If you disclose your liabilities and assets, the prenuptial agreement will be valid and enforceable in divorce. However, if you fail to disclose certain assets, the judge could declare the whole prenup void, and the court could split the assets. Disclosing your entire financial information is essential for a healthy relationship. It is also crucial for the contract's legitimacy.

The Prenuptial 7-Day Rule

Prenuptial agreements have legal requirements just like any other contract. For example, both partners must sign an agreement for it to be enforceable and valid. An agreement that neither partner signed is just a piece of paper. The uniqueness of prenups is that both partners in the agreement are emotionally tied up. Prenups are different from regular contract requirements, and they have their own set of requirements. For example, the 7-day rule Prenups require the 7-day rule, but standard contracts do not.

According to Penal Code 1615(c)(2)(B), prenups executed after January 1, 2020, have seven days between the time the partners receive the final prenup and the time it is signed. The partners are required to comply with this requirement, whether the attorney represents them or not. The 7-day rule gives both partners sufficient time to evaluate the conditions and seek legal counsel if they see fit.

Generally, the partners should wait at least three to six months before the wedding to start the prenup process. You will not have a valid prenup if you run out of time and do not have enough days left before the wedding to follow the 7-day rule.

Additionally, you will not get it if you are less than seven days from the wedding and need a prenup. This is because of the requirement of the 7-day rule; without it, you will not have a valid prenup. In this case, you could have only two options:

  • Secure a post-nuptial agreement or
  • Postpone your wedding and have the prenup drafted with all the essential requirements.

How To Keep Assets Separate Without A Prenup

Some individuals enter into a prenuptial agreement because each partner has assets or other property they want to protect. The property can include retirement benefits, physical property, or other accounts. It can be wise to have a prenup even if partners decide to share some of the assets that they accumulate during marriage or bring into marriage.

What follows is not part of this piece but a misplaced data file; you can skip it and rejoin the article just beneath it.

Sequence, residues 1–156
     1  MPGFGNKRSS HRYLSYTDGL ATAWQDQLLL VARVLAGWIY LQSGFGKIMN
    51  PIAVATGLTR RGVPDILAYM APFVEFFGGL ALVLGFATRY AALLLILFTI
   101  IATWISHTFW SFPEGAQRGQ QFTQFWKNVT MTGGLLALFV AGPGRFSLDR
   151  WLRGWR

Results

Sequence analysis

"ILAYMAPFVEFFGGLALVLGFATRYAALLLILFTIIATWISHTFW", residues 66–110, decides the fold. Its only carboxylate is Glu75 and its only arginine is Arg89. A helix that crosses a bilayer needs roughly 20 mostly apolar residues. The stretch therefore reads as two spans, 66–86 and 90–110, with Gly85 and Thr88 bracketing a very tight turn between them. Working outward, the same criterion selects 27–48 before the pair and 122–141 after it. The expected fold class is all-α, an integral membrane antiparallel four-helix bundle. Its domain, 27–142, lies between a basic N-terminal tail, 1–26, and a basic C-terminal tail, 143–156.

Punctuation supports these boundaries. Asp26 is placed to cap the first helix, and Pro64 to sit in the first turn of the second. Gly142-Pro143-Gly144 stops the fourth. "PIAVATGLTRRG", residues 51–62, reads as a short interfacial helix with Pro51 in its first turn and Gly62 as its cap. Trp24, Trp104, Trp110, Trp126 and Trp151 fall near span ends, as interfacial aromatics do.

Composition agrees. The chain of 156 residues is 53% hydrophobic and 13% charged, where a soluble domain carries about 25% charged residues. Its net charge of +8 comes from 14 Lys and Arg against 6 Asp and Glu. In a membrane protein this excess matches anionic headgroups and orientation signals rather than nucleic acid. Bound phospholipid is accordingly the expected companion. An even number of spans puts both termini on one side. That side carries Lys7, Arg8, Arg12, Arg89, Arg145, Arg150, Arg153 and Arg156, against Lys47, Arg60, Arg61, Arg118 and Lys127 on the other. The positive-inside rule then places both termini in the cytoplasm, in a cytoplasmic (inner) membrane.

It could also be wise to create trust before marriage. This will clarify the separate properties and those that fall under the trust. Ensure you only pay for the house with the money earned from marriage if you own it and want to keep it separate. You can use this as evidence later to prove that your spouse does not jointly own the property. 

If you have a personal bank account, keep it separate during marriage. Avoid depositing paychecks in personal accounts and using them to pay community expenses like mortgages and rent.

What Could Invalidate A Prenup?

Like any other legal document, violating the prenuptial agreement can invalidate the contract. A prenup can be invalid if it is not executed correctly after it is drawn and signed. For example, a prenup will be invalid in court if it is only a verbal agreement. The prenup will also be nullified if the partners fail to marry after signing the prenup.

It is possible to change a premarital agreement if the partners’ circumstances change after marriage. However, the partners must agree to changes and take the legal actions necessary to change the initial prenup. The partners could alternatively consider a post-nuptial agreement.

Limitations Of Prenups In California

There are several requirements that a prenuptial agreement must meet for it to be valid. Also, a prenup is limited and cannot include some provisions. The court will not enforce a prenup if it contains the following:

  • Any conditions about the relationship.
  • Non-financial requirements, including clauses like demanding that one partner change their appearance or lose weight.
  • Unjust, unfair, deceptive, or exploitative conditions.
  • Any language requiring illegal acts of a spouse.
  • Any spousal maintenance requirements if the signing partner opted out of receiving independent legal counsel.
  • Anything about child support or child custody.

All issues with child custody and child support are handled during the divorce. You can have an amicable divorce, whereby you agree with your partner on divorce. If you cannot agree on some divorce issues, the case proceeds to trial, and a judge makes the final ruling.

Find An Experienced Divorce Lawyer Near Me

In California, a prenuptial agreement can include provisions regarding the couple's assets and debts and spousal support. It can outline management powers over separate or shared properties. It can outline the disposition of assets in the event of a divorce or the passing of a spouse. The parties can agree on their duties and obligations concerning assets or debts acquired before marriage acquired after marriage. If you need help drafting a prenuptial agreement or understanding the terms of a prenuptial agreement, contact the Los Angeles Divorce Lawyer. We have helped many clients draft prenuptial agreements that safeguard their rights without compromising their partners. Our experienced attorneys understand everything regarding prenuptial agreements. Contact us at 310-695-5212 to speak to one of our attorneys.